Blinds tilt to shade the South Florida sun. A high hum fills the air, and I spot his smile again, brief and rare, brown eyes grinning, cold beer can wrapped—even now—in his hand. Pipe smoke swirls the living room, tobacco leaves litter his olive green chair . . . Papa, what did you love? I loved to meet with the guys at the Legions hall. Swap aches and pains for memories of drills and routine. What did you love? Driving you to the beach, stopping for cherry snow cones on the way home, sticky kisses puffed in the rearview mirror. What were you thinking, always silent in your chair? I was thinking of my days at sea, how both waves and guns smashed against the ship. Lonely metal bunks. Of my mother. How she reached across the stove, how her sleeve caught fire. How I couldn’t put out her screams. What will you miss? I’ll miss the taste of strawberries pulled through my pipe, tapping leaves into its firm brown bowl. What will you miss, Papa? The house, warm with December days and all of you. Never telling my sons I loved them.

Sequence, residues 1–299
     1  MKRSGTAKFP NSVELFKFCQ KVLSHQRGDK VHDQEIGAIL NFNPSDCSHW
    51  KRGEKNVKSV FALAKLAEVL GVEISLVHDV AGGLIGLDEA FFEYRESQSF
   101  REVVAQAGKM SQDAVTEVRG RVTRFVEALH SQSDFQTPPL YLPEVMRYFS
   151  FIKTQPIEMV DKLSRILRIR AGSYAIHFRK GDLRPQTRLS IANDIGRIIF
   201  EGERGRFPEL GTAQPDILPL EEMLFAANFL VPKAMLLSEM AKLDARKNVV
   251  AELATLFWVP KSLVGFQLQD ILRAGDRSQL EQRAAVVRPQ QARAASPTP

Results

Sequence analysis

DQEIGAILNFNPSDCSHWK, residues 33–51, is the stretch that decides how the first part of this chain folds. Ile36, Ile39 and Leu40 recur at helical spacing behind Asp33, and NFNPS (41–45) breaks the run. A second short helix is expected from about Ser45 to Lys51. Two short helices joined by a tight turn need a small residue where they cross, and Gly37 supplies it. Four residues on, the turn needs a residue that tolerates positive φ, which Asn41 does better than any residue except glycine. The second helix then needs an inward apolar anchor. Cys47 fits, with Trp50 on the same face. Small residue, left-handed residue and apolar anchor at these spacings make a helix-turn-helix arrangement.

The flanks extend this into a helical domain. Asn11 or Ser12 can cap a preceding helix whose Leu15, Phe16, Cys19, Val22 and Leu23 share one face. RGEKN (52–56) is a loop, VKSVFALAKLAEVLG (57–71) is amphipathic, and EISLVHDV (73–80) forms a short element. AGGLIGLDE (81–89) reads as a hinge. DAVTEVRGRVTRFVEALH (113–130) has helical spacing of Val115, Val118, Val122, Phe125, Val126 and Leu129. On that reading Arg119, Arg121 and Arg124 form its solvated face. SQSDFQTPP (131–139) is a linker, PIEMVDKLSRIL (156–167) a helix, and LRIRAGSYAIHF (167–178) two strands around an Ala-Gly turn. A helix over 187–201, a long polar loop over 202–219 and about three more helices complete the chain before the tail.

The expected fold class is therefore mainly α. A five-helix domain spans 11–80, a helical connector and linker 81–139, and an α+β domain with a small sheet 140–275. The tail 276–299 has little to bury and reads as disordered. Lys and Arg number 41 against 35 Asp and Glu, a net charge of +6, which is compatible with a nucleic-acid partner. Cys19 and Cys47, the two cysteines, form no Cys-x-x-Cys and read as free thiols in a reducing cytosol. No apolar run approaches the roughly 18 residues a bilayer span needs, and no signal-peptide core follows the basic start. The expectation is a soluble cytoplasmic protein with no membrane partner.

High Rises and Pigeon Parks
— after Douglas Goetsch
You city poets deem you’ve got it, speeding
the freeway between Chicago and Boston
so it flashes past picket fences, blind
eyes behind newspaper clichés, call it vibrant
—and now you pen a poem from grit, push past
sirens crying through high-rises, pigeon parks.
But we are made of sunsets we can hold
long after the light has left, where darkness
shrugs close and kind around our shoulders.
Birch and poplar bend to whisper their secrets,
daisies, four o’clocks gild summertime,
fireflies the only flickering neon.
Solitude stolen by a cardinal in frost,
warming the window.